All archival labor negotiates the twin responsibilities of preservation and access.

[…]

Sontag is — serendipitously, it seems — an ideal subject for exploring the new horizon of the born-digital archive, for the tension between preservation and flux that the electronic archive renders visible is anticipated in Sontag’s own writing. Any Sontag lover knows that the author was an inveterate list-maker. 

[…]

Reading Sontag’s lists in their original e-environment brings the issues of the digital archive — with its constant push-and-pull between proliferation and deep freeze — to the surface.

[…]

We cannot see when and where Sontag added to a list, or when or where she deleted from it. There are no cross-outs, no carets, no smudges. Certain kinds of traces, familiar in more traditional archives, are absent from the digital environment.

[…]

Listing and searching both provide us with ways, however flawed, to cut through redundancy, to make meaning out of chaos, to, in Sontag’s vocabulary, confer and create “value,” even “existence.” This impulse to list, to search, or, in other words, to reduce — an impulse researchers necessarily share with Sontag herself — takes on a peculiar resonance in the context of the guarded writer’s archive

Full piece here. Complement with Sontag’s lists of likes and dislikes, illustrated

(via explore-blog)

Nov 12

Photo



Nov 10

“I try to keep the process of writing a poem low-stakes as much as I can—I try to recognize my work…”

“I try to keep the process of writing a poem low-stakes as much as I can—I try to recognize my work within the broader scope of my life and the life of the universe, which sounds hokey, but is true. The stars and the sun make writing easier—if I don’t write a poem today, does anything suffer? No, assuredly not. The sky is still there, the ground is still there, the birds still know intuitively exactly when to strike up the band. Things remain well underway. So, writing for me is a way to recognize the larger conditions of things, and my place therein, and in this thinking writing a poem is inherently a moment of joy.”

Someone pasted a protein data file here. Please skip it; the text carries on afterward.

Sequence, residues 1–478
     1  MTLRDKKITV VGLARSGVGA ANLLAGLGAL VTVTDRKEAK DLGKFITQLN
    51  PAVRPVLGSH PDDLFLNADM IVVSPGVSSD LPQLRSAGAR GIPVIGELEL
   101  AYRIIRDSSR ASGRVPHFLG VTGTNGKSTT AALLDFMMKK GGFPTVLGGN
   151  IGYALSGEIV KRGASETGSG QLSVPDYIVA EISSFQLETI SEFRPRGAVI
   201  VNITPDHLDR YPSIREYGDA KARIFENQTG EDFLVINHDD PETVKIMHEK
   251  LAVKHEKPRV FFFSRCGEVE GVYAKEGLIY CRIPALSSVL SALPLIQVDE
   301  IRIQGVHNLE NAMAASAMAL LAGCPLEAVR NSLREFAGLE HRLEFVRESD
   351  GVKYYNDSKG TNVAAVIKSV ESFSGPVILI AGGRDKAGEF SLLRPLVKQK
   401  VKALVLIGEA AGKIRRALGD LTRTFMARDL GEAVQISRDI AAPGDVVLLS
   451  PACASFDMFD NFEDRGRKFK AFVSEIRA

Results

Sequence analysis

- Q&A with Eryn Green, the 2013 Winner of Yale Series of Younger Poets - Yale Press Log
Nov 10

Photo



Nov 9

“There is a vitality, a life force, an energy, a quickening that is translated through you into…”

“There is a vitality, a life force, an energy, a quickening that is translated through you into action, and because there is only one of you in all of time, this expression is unique. And if you block it, it will never exist through any other medium and it will be lost. The world will not have it. It is not your business to determine how good it is nor how valuable nor how it compares with other expressions. It is your business to keep it yours clearly and directly, to keep the channel open.”